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By Mark Axford

Between 1981 and 1985, a great many gas turbines (GTs) were sold in the U.S. The incentive was a federal tax credit and depreciation subsidy for certain types of investments. This subsidy was not provided exclusively for power plants or for gas turbines, but it helped developers building independent power plants to compete with the established regulated utilities. When GE launched the LM6000 gas turbine in 1990, it was the perfect PURPA machine: A 40% efficient GT that could meet the efficiency requirements of the Public Utility Regulatory Policy Act with a steam load of less than 10,000 lbs/ hr. A developer could build a 50 MW “Qualified Facility” eligible for long-term power purchase agreements with favorable commercial terms. By the end of 1998, 49 LM6000s had been ordered for projects in the U.S. The federal tax credit and depreciation subsidy died in 1986 and PURPA was essentially repealed in 2005 with the evolution of Independent System Operator (ISO) markets.

Wind and solar power were also part of the PURPA bandwagon in the 1980s, but did not gain their legs until a new subsidy, the production tax credit (PTC), was introduced. The PTC for wind and biomass power was enacted in 1992 and was scheduled to expire on July 1, 1999. Tax credits Since 1999, the PTC has been extended nine times. Additionally, a new 30% investment tax credit (ITC) was enacted in 2005 for solar power. On four occasions, the PTC and ITC were allowed to lapse before being retroactively extended. The PTC and ITC expired again in 2015 and were extended during December of 2015 as part of a federal budget compromise.

Such subsidies, however, are having a negative impact on GT orders and this will become more pronounced in the coming years. A PTC extension for wind power through 2020 and an ITC extension for solar power through 2022 are now in place by law. That budget compromise permanently cancelled an oil export ban that had been in place since 1975, set the rates of ITC and PTC credits for several years to come and can be looked upon as an indirect tax on carbon. So even with natural gas prices at $2.50 or less in many regions of the U.S., small and midsize GT power plants will find it more difficult, if not impossible, to compete with wind and solar.


Bloomberg analysis says that these wind and solar subsidies will create 37,000 MW of additional renewable generation. Another way to look at it is that this is generation that otherwise would have been mostly gas turbine powered. To put this into perspective, new orders for GTs in the U.S. have averaged about 8,000 MW per year during the last five years. In short, the 37,000 MW extended subsidy for wind and solar between 2016 and 2021 equates to about 80% of the U.S. market for gas turbines over that same period.

The nonpartisan Joint Committee on Taxation estimates that extending tax credits for wind power will cost taxpayers $14.5 billion, while continued solar tax credits will cost $9.3 billion. The day after the subsidy extension was passed into law, the stock price of SolarCity, the largest U.S. solar installation company, went up by 35%. If all these subsidies on the federal level were not enough, an additional subsidy is beginning to show up at the state level known as energy storage. This term effectively means battery storage — a technology being promoted to help improve the economics of wind and solar power. Without a doubt, economical battery storage is the holy grail of wind and solar power and the cost per MWH of storage capacity is indeed falling. During 2013, California mandated its investor owned utilities to install 1,325 MW of energy storage by 2021 and pass along the costs to the ratepayers. The cost of this subsidy has no upper value as long as the utilities can demonstrate that they shopped prudently for the mandated storage capacity. Other states and municipalities are evaluating similar mandates and other incentives for battery storage.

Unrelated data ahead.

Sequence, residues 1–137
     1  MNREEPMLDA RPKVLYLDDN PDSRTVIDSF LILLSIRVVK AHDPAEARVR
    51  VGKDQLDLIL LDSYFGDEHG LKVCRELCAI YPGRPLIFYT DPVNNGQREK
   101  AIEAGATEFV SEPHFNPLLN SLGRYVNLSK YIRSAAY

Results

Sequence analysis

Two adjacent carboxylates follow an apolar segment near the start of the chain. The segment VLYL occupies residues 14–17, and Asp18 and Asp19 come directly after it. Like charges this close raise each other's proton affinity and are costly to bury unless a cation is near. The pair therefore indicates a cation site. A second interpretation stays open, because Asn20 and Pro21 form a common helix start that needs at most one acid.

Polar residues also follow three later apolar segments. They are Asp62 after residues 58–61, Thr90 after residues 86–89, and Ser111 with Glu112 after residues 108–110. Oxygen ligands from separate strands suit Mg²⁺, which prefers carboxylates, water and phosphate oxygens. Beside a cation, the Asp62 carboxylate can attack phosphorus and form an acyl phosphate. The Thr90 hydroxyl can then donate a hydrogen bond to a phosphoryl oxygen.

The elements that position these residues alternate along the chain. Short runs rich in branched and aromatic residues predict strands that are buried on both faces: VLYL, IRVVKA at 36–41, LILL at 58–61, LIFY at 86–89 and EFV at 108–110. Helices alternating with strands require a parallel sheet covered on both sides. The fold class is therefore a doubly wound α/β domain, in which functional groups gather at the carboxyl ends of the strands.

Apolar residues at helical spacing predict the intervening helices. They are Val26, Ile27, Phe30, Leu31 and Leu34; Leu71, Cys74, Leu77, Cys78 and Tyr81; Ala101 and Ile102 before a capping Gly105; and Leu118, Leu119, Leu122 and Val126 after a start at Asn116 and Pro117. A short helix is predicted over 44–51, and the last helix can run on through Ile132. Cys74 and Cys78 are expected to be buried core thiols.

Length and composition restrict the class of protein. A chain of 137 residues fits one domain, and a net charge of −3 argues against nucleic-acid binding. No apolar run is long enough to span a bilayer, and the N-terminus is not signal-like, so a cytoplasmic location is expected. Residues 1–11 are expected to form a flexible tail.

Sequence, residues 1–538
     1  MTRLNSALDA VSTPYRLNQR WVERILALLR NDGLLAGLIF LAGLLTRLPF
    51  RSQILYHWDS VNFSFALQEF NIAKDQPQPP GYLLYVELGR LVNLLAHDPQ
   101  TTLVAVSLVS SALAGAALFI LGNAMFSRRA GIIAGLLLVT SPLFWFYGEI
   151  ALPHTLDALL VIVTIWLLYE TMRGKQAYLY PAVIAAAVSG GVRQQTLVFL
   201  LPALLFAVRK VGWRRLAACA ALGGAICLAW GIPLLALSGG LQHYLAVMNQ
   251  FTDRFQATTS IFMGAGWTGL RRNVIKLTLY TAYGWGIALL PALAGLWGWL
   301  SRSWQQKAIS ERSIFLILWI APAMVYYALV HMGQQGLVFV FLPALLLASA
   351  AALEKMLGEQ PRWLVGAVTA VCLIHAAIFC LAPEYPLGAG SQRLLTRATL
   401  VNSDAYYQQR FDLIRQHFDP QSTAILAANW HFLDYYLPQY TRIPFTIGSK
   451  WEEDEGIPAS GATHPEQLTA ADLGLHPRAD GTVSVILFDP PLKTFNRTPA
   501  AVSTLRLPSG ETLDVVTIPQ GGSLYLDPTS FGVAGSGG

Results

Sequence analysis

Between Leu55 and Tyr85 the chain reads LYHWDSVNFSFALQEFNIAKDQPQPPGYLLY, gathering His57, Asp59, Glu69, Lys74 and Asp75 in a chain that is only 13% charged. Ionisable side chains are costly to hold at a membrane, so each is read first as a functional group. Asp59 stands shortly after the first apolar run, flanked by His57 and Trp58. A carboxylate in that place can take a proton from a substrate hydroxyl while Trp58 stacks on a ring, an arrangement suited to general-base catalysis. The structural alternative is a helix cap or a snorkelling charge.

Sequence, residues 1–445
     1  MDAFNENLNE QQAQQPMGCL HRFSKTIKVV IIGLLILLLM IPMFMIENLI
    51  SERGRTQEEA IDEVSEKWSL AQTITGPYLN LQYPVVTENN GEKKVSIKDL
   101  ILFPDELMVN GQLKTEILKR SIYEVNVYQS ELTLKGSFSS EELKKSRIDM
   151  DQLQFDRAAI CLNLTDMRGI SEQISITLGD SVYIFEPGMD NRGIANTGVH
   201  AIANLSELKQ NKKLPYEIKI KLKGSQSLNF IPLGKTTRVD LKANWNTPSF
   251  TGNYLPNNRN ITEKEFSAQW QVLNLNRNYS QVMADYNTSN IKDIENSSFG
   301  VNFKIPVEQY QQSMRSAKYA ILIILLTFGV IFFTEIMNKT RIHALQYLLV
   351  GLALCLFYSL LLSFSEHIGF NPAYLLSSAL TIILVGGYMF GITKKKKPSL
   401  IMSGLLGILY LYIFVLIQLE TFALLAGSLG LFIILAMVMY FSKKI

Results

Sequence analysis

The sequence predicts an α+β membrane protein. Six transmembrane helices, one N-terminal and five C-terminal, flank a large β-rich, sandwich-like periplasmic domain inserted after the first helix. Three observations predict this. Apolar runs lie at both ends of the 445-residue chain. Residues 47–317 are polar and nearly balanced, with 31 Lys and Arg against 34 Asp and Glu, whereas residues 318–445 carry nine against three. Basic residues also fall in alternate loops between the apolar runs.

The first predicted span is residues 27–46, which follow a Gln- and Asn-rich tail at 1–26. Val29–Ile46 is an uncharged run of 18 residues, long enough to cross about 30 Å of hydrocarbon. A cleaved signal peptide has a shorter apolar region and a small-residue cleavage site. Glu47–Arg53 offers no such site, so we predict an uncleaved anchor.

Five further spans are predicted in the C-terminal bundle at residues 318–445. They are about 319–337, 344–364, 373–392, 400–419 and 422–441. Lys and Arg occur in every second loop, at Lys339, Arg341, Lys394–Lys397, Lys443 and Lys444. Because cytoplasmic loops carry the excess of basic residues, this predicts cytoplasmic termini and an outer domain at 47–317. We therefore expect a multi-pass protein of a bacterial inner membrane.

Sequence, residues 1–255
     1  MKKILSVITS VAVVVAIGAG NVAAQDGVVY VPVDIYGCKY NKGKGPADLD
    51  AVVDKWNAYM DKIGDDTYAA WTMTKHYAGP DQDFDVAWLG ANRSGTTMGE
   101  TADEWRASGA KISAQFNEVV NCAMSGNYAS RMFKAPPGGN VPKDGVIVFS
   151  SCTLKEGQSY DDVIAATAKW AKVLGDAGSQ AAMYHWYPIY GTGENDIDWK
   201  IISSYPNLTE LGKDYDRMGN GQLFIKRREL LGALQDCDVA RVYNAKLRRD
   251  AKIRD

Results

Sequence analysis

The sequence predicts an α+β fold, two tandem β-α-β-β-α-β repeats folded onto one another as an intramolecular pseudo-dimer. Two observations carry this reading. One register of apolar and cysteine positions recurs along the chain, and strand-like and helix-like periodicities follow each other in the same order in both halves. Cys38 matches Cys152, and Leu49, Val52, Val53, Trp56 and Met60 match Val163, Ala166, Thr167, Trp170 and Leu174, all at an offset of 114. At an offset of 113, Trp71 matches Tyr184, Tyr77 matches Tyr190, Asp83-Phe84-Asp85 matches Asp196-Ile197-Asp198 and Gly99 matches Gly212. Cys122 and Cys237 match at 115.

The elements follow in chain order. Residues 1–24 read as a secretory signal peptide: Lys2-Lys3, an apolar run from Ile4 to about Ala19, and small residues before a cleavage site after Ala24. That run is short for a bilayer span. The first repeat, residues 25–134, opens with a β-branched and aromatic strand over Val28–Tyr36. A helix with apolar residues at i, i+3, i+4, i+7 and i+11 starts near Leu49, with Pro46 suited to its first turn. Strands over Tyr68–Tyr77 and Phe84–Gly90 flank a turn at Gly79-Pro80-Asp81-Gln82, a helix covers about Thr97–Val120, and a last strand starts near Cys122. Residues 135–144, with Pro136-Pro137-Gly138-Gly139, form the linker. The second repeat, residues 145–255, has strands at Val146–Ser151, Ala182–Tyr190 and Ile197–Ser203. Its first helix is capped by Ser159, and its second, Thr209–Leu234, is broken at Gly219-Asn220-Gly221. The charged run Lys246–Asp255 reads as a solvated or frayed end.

But what about the fact that many experts predicted an increase in orders for simple cycle peaking gas turbines as additional solar and wind power were connected to the grid? Getting back-up power While this sounds logical at first, grid managers are finding other ways to get the back-up power and ancillary services by ramping up and down the existing fleet of combined cycle power plants and by peak demand-reduction programs.

Therefore, unless these renewable and battery subsidies are adjusted downward or incentives are created for gas turbine power plants to balance the grid, the quantity of gas turbines ordered in the U.S. during the next 5 years will be substantially reduced. As a result, Axford Turbine Consultants is forecasting a 10% drop in gas turbine orders in the U.S. during 2016.